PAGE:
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Building a Text to Speech Converter with AWS Polly


Recently, I spent some time building my own serverless text to speech converter and thought it might be helpful to share a bit about what I’ve learned during the process.

The Inspiration I have been studying to take some AWS certification exams. One of the most helpful resources for me in preparing for those exams has been the A Cloud Guru courses. One of the lessons was a lab in which you build your own text to speech converter in Python for the purposes of being able to review the notes that you’ve taken during the course via audio.

After following along with the lab, I wondered what that application would look like if it were built using Stackery and NodeJS…so I decided to try it out on my own. Because I take a lot of public transit, I figured this application would be useful to take my notes in text form and convert into mp3 files that can be listened to while on the go.

The Architecture

I began by thinking through all of the high level steps and added/connected the resources in Stackery. There were a few iterations and many different ways to go about building this, but here’s the architecture I eventually settled on.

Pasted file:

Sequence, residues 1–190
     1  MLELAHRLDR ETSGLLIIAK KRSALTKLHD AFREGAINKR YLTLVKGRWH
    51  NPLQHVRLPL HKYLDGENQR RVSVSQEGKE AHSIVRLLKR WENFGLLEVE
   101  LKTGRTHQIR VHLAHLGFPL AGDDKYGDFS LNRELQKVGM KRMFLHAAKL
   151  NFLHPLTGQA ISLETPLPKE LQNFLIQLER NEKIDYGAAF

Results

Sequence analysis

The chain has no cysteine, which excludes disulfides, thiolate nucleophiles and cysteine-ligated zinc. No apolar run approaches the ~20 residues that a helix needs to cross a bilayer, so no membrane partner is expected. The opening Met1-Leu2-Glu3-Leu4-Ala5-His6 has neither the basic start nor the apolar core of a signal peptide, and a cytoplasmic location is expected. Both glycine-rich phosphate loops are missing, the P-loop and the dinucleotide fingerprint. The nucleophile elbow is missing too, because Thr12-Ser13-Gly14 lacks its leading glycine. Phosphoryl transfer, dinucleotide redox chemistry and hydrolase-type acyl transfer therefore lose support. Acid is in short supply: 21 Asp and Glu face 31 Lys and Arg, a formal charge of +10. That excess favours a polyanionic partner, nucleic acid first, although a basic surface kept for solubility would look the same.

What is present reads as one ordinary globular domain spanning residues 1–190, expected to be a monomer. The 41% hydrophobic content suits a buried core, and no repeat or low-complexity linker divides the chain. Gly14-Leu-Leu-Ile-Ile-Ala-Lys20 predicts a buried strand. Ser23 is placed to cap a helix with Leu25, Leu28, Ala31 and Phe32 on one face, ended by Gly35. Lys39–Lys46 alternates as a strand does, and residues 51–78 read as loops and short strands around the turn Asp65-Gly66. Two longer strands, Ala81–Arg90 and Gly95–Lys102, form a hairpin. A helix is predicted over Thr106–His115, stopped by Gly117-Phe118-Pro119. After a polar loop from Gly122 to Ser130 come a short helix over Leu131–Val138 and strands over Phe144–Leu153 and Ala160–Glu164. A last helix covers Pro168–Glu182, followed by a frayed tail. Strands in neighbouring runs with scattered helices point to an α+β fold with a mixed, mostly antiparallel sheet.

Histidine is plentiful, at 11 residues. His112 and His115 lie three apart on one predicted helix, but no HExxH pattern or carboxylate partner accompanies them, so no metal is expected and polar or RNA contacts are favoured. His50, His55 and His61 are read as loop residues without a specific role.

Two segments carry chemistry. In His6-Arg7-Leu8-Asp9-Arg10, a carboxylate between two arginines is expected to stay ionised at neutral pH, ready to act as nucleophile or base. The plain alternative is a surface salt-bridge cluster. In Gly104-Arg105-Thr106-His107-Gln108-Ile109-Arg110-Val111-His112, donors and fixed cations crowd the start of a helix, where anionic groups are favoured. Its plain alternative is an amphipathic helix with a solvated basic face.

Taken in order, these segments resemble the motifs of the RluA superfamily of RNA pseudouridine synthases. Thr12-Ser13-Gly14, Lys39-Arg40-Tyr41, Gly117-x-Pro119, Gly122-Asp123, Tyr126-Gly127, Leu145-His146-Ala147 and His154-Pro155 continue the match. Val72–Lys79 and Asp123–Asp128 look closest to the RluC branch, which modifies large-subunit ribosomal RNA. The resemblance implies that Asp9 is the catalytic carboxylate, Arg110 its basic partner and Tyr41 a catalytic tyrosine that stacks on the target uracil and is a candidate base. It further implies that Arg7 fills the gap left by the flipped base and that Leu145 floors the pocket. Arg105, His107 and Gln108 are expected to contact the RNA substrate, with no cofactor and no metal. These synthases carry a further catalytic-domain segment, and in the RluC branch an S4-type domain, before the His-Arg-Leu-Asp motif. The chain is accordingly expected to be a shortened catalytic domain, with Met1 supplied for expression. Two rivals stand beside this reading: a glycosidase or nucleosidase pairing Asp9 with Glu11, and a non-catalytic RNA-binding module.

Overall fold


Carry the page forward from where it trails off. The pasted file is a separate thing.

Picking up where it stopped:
Text to speech stack

We have two API gateway endpoints: one to upload the text and convert it to an audio file and a second one to retrieve the metadata (including the s3 url) for each audio file.

The POST endpoint does the following: An API Gateway endpoint invokes the CreateNewFile Lambda function The CreateNewFile Lambda function adds metadata to a DynamoDB table and then hands the metadata info to the ConvertToAudio Lambda function The ConvertToAudio Lambda function separates the input text into batches of 2500-ish characters each (this is due to Polly size limits more detail can be found in the Future Improvements section of this post). Then for each batch it calls Polly to convert the text to audio and places the resulting audio stream in the /tmp directory for temporary storage. Once all batches are processed, the contents of /tmp are uploaded to s3 and the s3 url is added to the dynamoDB table.

Resource Permissions

Whenever you connect a resource (in this case Lambda functions) to a DynamoDB table or to an s3 bucket in Stackery visual mode, Stackery will grant that resource CRUD access to the target resource (in this case a DynamoDB table or an s3 bucket) since that is what most folks need. I enjoyed that setup for development purposes, but once the application was nearly complete, I only wanted to give my Lambda functions permissions to the actions they needed for security purposes.

So for example, my GetFile function allowed DynamoDB CRUD, but I just wanted it to have Scan and GetItem permissions to the table. Luckily with Stackery, I could use the template view to customize this beyond the default values. Here’s what the end result looked like.